Cocaine and Fentanyl Seizures Rise in Iowa
OMAHA, Neb. – Drug Enforcement Administration (DEA) investigators took an estimated $2.8 million worth of methamphetamine and marijuana off the streets of Iowa in 2020 and reported an increase in cocaine and fentanyl seizures.
Agents from DEA offices in Cedar Rapids, Des Moines, Sioux City and the Quad Cities removed a combined 9 kilograms of fentanyl from communities in Iowa last year. Fentanyl, which is 100 times more potent than morphine, has a small dosage unit at just under 2 milligrams, or the equivalent of a few grains of salt. DEA’s 9 kilograms of fentanyl seized in Iowa last year carries enough lethal doses for four-and-a-half million users.
“Last year in Iowa, we seized more lethal doses of fentanyl than there are people within the state,” Omaha Division Special Agent in Charge Justin C. King said. “We’ve seen a jump in fentanyl and counterfeit pills across our five state Division and we want to make people aware of the fact that pills purchased off of the street should be considered incredibly dangerous and potentially lethal. The makers of counterfeit pills are not careful or precise in their measurements. One pill may have 1 milligram of fentanyl, while another from the same batch may have 3 milligrams, or enough to kill a person. The only prescription medication people should be taking is one that comes directly from a pharmacy or licensed physician.”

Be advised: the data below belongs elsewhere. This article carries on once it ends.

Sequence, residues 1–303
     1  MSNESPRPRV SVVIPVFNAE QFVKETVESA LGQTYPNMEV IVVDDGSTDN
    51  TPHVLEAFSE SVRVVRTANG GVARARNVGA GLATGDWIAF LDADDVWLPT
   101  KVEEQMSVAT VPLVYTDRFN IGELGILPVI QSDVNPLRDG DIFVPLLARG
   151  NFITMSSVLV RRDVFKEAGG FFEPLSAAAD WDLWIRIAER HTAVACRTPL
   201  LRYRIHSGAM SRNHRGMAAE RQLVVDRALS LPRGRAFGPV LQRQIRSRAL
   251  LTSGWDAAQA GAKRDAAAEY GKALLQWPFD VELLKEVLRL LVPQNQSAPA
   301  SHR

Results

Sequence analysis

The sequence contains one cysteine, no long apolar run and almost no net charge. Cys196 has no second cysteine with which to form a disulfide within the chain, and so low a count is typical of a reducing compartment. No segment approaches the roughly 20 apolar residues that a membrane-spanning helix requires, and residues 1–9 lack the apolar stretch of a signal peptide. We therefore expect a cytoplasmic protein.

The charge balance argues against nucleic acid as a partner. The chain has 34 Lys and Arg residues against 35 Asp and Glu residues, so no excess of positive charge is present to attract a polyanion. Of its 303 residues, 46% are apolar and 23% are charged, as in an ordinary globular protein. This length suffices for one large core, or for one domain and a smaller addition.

In addition to fentanyl, cocaine seizures increased in Iowa with agents seizing 70 percent more than in 2019. Cocaine availability continues to increase across the nation as coca cultivation and production in Colombia, the primary source for cocaine seized in the United States, remains high.
The DEA Omaha Division is a five state territory that includes Iowa, Minnesota, Nebraska, North Dakota and South Dakota as well as counties along the western border of Illinois and Wisconsin.